- is at least as comprehensive as ACA coverage;
- is at least as affordable as coverage under the ACA and offers at least as great protection against excessive out-of-pocket spending;
- covers at least as many residents as would be covered under the ACA; and
- will not increase the federal deficit.
The primary contribution of the proposed rule is to describe the procedures that the states and HHS and Treasury must follow in applying for and approving waivers. A state will begin by enacting legislation establishing its reform plan. It will then apply for a waiver, submitting a comprehensive description of its program and the provisions of the ACA which it is asking to be waived, along with an actuarial certification and economic analysis demonstrating that its proposed waiver will meet the substantive requirements of section 1332. The proposal must include a detailed 10-year budget plan, data supporting the request, and an explanation of the key assumptions and methodologies on which the request is based. The preface to the rule suggests that it would probably be necessary for a waiver request to be submitted a year before proposed implementation.
Once a proposal is submitted, HHS and Treasury will have 45 days to make a preliminary determination that the application is complete. Once they determine that they have enough information, they will have 180 days to complete the approval process. Review of a waiver request will be coordinated with applications for waivers under other federal laws, such as Medicaid or CHIP waivers.
A waiver can be approved for up to 5 years. States must submit annual reports and HHS and Treasury must monitor implementation. HHS and Treasury can suspend or terminate a waiver if the state fails materially to comply with the terms of the waiver.
Public Involvement In The Waiver Process
A remarkable feature of the proposed rule is the extent to which the public will be involved in the waiver process. The existing Medicaid waiver process has been criticized in the past by the Government Accountability Office and others because of the lack of transparency in the process. Indeed, section 10201(i) of the ACA includes major changes in the 1115 Medicaid and CHIP waiver approval process to provide for greater public participation and scrutiny. Proposed regulations implementing the 1115 waiver changes were published last fall.
Under the ACA waiver proposed rules, states would have to publish their waiver proposals for public notice and comment before submission to HHS and Treasury. They would also have to hold public hearings (plural) on their proposals. Once the federal government determined that a proposal was complete, it would also have to provide a federal public notice and comment period. Six months after the implementation date for a waiver proposal and annually thereafter, a state would have to hold a public forum to provide an opportunity for public comment. It would have to provide a report on those fora and on all public comments received to HHS.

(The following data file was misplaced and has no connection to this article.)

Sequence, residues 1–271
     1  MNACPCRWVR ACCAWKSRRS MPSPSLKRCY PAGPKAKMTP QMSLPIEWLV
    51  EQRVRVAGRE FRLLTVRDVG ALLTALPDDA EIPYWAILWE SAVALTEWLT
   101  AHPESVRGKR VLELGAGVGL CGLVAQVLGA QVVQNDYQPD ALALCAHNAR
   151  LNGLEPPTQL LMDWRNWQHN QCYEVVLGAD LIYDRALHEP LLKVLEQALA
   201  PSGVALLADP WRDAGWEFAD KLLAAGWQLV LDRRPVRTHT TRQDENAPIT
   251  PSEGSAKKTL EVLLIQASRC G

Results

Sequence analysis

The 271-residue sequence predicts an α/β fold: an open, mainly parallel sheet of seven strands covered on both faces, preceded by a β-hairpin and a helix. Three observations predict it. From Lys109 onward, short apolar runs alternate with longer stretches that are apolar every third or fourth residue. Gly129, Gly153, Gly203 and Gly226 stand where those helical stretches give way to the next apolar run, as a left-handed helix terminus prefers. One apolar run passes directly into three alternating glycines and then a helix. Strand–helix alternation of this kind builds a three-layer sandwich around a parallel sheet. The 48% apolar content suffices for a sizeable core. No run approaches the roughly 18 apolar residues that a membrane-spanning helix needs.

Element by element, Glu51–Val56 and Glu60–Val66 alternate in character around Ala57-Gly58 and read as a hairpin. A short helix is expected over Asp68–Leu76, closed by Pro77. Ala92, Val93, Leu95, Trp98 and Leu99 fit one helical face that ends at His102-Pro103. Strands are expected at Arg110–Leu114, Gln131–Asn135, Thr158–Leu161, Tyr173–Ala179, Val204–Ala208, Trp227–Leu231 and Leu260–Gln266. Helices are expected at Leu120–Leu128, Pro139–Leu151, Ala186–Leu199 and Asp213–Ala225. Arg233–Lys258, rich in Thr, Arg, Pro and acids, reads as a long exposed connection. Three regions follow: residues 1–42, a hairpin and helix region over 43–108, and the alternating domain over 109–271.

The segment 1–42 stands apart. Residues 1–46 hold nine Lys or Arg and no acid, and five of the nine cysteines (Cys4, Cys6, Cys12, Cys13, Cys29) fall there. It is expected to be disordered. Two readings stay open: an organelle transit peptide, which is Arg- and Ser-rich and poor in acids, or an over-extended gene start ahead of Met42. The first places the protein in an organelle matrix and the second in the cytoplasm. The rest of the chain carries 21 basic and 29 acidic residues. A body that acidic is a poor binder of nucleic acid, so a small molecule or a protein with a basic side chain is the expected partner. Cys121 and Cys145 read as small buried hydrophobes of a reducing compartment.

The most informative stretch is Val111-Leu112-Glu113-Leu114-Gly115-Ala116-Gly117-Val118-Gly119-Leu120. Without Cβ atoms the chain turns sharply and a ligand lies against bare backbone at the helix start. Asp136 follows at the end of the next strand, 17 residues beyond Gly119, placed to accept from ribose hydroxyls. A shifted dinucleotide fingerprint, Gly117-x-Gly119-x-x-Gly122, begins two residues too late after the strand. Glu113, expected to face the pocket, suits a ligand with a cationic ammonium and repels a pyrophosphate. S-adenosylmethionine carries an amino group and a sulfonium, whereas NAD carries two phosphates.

The Proposal To Move The Waiver Date Forward To 2014
Under the ACA, waiver programs can only go into effect beginning in 2017. Apparently Congress believed that it would take three years of experience after the tax credits were implemented to determine the appropriate amount to allocate to the states under waiver block grants. But if a state truly does have a better idea for reforming health care, it makes little sense for the state to first implement that ACA provisions and then radically change its approach three years later. For this reason, Senators Ron Wyden (D-OR), Scott Brown (R-MA), and others have proposed legislation that would accelerate the date on which waivers could be effective until 2014. The Obama administration has recently endorsed this proposal, although it does not seem to have been warmly received by Republicans in Congress, who would rather repeal the entire bill. Whether or not implementation is accelerated to 2014, the ACA required rules to be issued for this provision within 180 days and the states will need considerable lead time for developing and adopting waiver legislation, so the rules are timely.
What will the waiver programs look like? The HHS news release suggested that states might want to coordinate individual and small business tax credits or change the benefit levels offered by the ACA. Vermont has indicated interest in using the waiver process to develop a single-payer system. While the waiver program adds to the considerable flexibility found in the ACA, however, that flexibility is not unlimited and any proposal will need to be coordinated with many provisions of the ACA that cannot be waived. It remains to be seen what innovative proposals the states will propose, and whether they will in fact be permissible under the ACA.Email This Post Print This Post